27 Kislev 5782 / Wednesday, December 01, 2021 | Torah Reading: Mikeitz
 
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Want to grow spiritually? Stay close to your Rav even if his predecessor was “better”! Each Rav is equipped to help his generation live a Tora-oriented life.

 



Go to the Son  
 

R’ Eliezer Meizlish, the Av Beis Din of the town Ihel, once told me a story that he had heard from his father, the Binyan Dovid, who heard it directly from the chassid in their town whom this happened to.  
 

This chassid was distinguished and well respected and deeply connected to his Rebbe, R’ Yaakov from Komarna, zt”l. He would travel often to Komarna to be near his Rebbe, to learn Torah and chassidut, and to receive guidance on how to live a pure Torah-oriented life.  
 

When the Rebbe passed away, his son, a contemporary of this chassid, was appointed to be the Rebbe. This chassid no longer felt the same need to travel Komarna. The connection was lost; the chassid simply thought that the new Rebbe could not enhance his life in the same way his father had. This man remained a chassid without a Rebbe to learn from and to guide him.  
 

One night shortly after his passing, the Rebbe, R’ Yaakov, appeared to his chassid in a dream. “I have a son, and you refuse to travel to him!?” the Rebbe rebuked.  
 

The chassid was startled awake but thought this was just a silly dream. However, the following night the Rebbe appeared to him again in a dream. Still, the chassid remained unmoved. Finally, on the third night the Rebbe appeared again and, with the utmost sincerity and care in his voice, asked: “Why don’t you go to my only son whom I left behind?”  
 

This time, the chassid decided to make the journey to Komarna and visit the new Rebbe, the only son of his Rebbe, for the High Holidays. The chassid entered the Rebbe’s room, and immediately the new Rebbe asked him: “Until my father came to you three times in your dreams and commanded you to come here, you couldn’t come?”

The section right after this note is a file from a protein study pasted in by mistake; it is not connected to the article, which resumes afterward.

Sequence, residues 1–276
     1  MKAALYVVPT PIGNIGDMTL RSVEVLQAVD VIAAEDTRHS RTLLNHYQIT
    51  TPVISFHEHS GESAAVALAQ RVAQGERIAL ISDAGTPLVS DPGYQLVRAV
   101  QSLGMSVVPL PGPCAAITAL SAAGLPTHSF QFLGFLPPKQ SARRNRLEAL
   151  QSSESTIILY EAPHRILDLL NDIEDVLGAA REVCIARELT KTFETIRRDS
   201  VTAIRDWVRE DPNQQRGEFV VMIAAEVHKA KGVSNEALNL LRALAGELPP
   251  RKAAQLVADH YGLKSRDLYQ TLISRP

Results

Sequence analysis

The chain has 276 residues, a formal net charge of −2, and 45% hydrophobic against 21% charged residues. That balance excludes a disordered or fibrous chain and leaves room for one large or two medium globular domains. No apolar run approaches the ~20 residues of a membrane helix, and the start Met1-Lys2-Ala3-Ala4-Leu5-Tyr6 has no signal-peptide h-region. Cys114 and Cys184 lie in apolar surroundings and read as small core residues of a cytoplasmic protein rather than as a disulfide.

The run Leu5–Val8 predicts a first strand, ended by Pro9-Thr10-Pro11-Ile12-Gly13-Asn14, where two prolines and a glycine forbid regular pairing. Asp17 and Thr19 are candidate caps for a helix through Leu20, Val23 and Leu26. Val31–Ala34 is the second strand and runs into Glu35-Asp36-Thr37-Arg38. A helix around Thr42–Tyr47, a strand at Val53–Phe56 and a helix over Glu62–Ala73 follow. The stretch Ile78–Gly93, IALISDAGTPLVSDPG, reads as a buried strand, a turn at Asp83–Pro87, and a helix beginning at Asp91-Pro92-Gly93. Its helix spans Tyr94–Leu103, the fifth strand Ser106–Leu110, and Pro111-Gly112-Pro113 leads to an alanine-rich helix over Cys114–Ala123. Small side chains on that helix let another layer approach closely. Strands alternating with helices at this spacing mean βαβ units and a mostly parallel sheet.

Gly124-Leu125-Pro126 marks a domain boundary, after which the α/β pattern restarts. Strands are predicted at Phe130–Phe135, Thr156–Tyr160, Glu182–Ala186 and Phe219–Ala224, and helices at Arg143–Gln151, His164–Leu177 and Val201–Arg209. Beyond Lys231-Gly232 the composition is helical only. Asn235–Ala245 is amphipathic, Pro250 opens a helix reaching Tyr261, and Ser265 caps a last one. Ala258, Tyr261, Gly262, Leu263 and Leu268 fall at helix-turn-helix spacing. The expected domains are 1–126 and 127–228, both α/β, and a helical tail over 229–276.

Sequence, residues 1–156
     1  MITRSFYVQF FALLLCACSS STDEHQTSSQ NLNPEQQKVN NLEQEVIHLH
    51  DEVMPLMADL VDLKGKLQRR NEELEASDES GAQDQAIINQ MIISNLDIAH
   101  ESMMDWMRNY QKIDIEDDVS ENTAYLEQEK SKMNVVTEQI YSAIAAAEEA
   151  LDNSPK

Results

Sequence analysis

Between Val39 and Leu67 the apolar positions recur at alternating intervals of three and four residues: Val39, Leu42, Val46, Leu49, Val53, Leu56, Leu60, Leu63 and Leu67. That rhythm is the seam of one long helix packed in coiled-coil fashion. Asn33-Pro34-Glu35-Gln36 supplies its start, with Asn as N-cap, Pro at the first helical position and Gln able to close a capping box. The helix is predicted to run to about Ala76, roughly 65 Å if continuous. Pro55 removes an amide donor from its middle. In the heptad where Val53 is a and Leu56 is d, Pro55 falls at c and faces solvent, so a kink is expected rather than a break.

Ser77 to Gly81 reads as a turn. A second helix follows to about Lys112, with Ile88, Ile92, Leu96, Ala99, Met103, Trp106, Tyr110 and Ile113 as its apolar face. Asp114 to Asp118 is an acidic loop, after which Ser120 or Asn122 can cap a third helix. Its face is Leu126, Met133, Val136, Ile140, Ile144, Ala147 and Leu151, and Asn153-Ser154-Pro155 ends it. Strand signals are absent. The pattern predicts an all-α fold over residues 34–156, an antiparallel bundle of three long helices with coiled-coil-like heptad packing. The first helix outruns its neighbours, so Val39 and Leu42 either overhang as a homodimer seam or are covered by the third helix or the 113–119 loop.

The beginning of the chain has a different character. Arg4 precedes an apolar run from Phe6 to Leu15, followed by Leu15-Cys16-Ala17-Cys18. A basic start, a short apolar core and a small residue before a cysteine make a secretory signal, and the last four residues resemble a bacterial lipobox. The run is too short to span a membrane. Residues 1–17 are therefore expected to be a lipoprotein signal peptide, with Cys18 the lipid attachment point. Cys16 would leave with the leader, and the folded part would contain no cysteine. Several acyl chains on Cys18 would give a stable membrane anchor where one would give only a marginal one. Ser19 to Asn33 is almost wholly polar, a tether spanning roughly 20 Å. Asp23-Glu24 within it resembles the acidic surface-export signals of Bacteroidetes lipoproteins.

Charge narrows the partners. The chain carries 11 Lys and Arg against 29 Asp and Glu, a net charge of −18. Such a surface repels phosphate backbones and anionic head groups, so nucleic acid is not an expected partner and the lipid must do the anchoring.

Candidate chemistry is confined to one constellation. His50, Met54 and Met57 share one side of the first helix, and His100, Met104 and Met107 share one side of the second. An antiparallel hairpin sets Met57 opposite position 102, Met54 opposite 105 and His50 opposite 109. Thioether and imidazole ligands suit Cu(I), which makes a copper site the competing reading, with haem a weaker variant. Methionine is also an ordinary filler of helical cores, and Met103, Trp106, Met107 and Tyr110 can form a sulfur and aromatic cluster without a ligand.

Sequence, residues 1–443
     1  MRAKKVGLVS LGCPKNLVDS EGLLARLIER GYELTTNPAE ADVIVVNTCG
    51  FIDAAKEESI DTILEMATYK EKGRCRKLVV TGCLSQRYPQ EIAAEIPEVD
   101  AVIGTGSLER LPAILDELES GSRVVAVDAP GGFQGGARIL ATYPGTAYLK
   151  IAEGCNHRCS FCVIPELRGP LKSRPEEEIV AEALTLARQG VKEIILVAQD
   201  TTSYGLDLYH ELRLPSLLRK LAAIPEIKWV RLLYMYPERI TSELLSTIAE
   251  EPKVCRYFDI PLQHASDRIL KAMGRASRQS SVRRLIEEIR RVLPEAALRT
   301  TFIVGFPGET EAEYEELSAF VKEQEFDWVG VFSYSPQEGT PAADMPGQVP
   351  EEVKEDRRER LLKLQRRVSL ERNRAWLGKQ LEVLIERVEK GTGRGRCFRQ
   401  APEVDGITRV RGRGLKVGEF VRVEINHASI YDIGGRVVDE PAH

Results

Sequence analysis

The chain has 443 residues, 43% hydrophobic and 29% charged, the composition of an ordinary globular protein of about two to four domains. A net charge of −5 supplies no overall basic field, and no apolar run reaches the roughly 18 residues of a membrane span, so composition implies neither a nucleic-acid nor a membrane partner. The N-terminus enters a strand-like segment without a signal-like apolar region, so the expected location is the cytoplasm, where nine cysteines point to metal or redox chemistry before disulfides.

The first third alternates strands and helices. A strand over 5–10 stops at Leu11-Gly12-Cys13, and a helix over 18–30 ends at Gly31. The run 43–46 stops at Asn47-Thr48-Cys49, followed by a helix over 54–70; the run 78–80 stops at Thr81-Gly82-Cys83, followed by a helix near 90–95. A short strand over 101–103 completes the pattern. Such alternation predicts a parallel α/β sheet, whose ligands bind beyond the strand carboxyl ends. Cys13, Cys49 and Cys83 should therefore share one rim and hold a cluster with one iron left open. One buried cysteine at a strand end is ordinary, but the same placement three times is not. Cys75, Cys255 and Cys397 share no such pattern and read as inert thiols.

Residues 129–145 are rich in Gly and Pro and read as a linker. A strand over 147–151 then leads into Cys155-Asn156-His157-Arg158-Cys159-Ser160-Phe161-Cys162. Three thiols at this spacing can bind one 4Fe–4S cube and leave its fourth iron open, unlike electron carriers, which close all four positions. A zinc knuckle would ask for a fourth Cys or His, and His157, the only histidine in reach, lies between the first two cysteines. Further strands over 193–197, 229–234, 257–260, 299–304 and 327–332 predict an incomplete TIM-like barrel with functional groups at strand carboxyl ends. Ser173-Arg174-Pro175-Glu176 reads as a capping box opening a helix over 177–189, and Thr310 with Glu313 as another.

While this story is in incredible, it is not an isolated incident. We have many stories of tzadikim who, after their passing, would visit their followers in their dreams urging them to become devout followers of their successors.  
 

 
 

Foolish Logic  
 

Sometimes, when a Rebbe or Rav leave this world, some of their followers mistakenly choose to live in the past. They foolishly think that guidance and lessons of their late Rav can carry them forward; that they have learned enough to keep them on a straight and just path in life. They choose not to accept or seek out a new Rav. They think that the teachings of their late Rebbe would be able to sustain them.  
 

However, this way of thinking is deeply flawed. The new Rav, the new leader, has help from Hashem to be the new conduit for the teachings of their father. Their knowledge of Torah carries forward because it is empowered by the followers who believe in them. However, those who remain distant, who fail to choose a spiritual guide for their own lives, eventually may deviate from the straight path, a life of Torah and mitzvot.  
 

 
 

Each Leader for Each Generation  
 

There are even those who make the grave error of comparing the new Rebbes to the older ones who are no longer with us. With judgement, they assess that the new Rebbes are not as righteous or wise as those in the previous generations. They have nothing to offer. You cannot learn anything from them. This is completely contrary to the core principles of Yiddishkeit.  
 

Chazal teaches in Avoda Zarah (5a) that, “Hashem showed Adam, the first man, every generation and its expounders, every generation and its Sages, and every generation and its leaders.”  
 

Every generation is unique, with its own social and economic factors defined by its own struggles and challenges. Every generational shift presents opportunities and new spiritual risks in your avodat Hashem. However, Hashem generously provides each generation with the appropriate leaders and Rabbis who can help guide that generation, help the yidden navigate these trials and tribulations. He provides each generation with spiritual leaders whose wisdom and spirituality are appropriate for those times and who can help each person of that generation stay connected to Torah and Mitzvot.  
 

Every generation has the rabbonim – rabbis – that it needs to not only survive but to thrive.  
 

 
 

The Wise Learn from All …Always  
 

However, connecting to a Rebbe or Rav requires humility. Being humble allows space for you to connect to a Rebbe. Humility enables you to develop a relationship with someone who can guide you and help you expand your understanding of the Torah and adhere to the mitzvot.